Immanuel Kant is one of the most important and influential philosophers of the Western world. Kant focused much of his work on developing ethical theories and fundamental moral principles. One of his most famous theories is deontology. Deontology is an approach to ethics that judges the morality of an action based on the action's adherence to a set of rules. It states that one should act out of duty or obligation because rules are what essentially bind you to your social and communal duty to do good.
Kant argued that the only absolutely good thing is a good will. In Kant's terms, a good will is a will that’s decisions are wholly determined by moral demands or as he often refers to this, by the Moral Law. Moreover, he argues that a dutiful action based out of motivations such as self-interest, self-preservation, or self-happiness, is an action that does not express a good will. For instance, if one’s actions were based on self-happiness, then his or her duty to perform that action may not have been done if it wasn’t for their selfish motivations. On the contrary, if one were to replace these selfish motivations with the motive of moral duty, the morality of the action would then express one's determination to act dutifully under any circumstances. In our society, laws or rules of the state or city are what establish the rightful duties of citizens. Thus, if we do something because it if our lawful duty, our motivation is out of respect for the moral and legal code that makes it our duty.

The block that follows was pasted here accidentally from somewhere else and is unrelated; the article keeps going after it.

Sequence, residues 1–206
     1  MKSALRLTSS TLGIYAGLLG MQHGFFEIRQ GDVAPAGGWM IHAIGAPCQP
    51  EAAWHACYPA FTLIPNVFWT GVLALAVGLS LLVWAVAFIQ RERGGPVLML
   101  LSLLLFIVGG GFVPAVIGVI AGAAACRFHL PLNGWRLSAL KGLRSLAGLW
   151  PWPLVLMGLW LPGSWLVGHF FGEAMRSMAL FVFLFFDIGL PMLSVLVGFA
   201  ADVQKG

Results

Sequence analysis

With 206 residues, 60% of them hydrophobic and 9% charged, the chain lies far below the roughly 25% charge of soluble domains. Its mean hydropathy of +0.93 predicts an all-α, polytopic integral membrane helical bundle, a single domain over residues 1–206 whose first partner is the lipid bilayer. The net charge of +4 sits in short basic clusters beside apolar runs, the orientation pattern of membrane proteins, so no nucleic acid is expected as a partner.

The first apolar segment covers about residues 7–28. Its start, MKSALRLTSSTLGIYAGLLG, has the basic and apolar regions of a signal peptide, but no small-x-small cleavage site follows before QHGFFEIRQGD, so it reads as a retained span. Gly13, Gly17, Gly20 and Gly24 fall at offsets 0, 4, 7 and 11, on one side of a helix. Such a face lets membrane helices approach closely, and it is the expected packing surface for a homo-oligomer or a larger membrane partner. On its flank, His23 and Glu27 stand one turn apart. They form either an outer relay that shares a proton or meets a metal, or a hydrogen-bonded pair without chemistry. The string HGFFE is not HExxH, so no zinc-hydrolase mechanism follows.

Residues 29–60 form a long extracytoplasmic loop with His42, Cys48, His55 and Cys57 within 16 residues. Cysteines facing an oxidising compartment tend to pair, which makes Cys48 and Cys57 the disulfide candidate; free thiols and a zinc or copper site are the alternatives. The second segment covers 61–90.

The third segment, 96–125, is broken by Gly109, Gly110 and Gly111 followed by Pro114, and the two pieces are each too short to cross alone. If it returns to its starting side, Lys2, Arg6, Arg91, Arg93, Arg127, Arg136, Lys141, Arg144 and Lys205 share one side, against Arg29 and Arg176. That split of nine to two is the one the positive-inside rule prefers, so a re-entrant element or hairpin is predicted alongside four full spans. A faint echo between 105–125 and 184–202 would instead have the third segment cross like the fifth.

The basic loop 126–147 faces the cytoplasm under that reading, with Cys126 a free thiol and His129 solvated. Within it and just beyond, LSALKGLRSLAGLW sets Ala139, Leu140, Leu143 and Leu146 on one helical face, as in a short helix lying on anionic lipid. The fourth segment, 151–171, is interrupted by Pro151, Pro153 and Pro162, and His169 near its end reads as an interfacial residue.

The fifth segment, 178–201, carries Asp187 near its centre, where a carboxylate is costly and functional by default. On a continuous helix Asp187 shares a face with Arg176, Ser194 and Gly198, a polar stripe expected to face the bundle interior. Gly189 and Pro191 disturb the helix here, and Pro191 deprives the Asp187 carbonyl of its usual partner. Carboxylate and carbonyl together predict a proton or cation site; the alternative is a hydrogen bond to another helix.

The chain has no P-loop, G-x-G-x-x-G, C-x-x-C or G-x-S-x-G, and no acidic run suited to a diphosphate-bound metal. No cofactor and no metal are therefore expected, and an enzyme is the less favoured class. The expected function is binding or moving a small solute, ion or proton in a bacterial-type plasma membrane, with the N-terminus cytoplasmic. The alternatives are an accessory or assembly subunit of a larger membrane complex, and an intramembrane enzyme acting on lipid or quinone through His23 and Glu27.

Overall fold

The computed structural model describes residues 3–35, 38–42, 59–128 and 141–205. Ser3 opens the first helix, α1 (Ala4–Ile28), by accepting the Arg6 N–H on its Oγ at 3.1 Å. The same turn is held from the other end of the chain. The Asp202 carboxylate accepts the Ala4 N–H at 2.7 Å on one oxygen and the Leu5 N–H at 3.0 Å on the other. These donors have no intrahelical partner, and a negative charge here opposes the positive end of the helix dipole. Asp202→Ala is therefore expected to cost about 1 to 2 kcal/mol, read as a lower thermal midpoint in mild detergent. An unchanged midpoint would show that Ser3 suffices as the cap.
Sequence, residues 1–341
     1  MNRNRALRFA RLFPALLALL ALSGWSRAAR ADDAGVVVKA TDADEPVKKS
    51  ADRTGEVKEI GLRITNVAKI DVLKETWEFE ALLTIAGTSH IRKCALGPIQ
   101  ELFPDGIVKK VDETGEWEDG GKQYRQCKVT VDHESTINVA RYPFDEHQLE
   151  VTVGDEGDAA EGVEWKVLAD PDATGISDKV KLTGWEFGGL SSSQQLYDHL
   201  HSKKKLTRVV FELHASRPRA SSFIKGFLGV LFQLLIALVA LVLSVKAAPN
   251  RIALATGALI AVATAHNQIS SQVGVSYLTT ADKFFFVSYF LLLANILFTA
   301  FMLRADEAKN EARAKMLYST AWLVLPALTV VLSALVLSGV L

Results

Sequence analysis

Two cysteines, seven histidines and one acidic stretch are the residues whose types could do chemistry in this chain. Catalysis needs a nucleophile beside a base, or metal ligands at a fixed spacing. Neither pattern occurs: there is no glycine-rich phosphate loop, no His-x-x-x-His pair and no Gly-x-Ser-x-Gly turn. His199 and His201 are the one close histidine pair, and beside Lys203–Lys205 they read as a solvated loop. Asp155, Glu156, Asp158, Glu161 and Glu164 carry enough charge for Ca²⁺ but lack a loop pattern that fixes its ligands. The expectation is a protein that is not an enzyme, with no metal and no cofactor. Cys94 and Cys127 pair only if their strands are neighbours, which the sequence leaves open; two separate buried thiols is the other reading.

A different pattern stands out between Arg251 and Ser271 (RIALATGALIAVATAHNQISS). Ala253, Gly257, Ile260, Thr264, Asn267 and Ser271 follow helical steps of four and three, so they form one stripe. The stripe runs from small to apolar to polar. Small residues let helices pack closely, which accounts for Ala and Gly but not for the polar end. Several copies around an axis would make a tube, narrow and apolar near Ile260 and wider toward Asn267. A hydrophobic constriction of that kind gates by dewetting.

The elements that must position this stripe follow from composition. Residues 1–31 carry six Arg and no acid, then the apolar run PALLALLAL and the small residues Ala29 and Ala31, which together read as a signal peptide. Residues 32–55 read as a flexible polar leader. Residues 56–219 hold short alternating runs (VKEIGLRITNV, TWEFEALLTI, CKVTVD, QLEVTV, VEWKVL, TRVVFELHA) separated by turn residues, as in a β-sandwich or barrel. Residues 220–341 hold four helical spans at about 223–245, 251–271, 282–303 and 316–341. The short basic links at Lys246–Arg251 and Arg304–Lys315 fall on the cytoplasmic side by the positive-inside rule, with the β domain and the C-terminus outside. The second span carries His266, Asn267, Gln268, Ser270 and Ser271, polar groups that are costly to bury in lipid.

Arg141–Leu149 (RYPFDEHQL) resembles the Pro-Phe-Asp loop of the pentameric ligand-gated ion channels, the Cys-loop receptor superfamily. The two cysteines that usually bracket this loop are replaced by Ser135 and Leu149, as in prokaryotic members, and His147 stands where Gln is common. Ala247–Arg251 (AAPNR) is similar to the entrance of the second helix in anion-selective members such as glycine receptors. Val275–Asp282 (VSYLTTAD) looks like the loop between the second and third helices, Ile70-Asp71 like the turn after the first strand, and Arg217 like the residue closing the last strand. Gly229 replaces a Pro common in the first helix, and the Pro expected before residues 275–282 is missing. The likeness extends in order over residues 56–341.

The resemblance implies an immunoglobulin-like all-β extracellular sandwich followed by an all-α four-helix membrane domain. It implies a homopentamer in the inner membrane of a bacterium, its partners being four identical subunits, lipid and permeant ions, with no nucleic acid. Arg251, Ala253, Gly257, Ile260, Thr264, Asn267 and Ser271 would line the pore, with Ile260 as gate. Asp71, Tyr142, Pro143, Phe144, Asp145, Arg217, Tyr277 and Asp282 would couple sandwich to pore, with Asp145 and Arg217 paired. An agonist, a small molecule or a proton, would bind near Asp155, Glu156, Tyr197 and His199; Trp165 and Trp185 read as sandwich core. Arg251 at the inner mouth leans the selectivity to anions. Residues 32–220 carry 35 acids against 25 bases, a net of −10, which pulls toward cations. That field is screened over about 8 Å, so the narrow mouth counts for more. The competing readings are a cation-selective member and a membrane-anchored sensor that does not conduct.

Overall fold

Furthermore, Kantian ethics assesses actions by looking at the maxims of agents. According to Kant, the maxim must be accepted universally and if so the action is deemed to be morally good. If someone was acting on a bad maxim, for example ‘lying’, then their action is considered wrong regardless of the consequences. Although good intentions may possibly lead to bad consequences, Kant claims that a person has a good will when he or she acts out of respect for the moral law....
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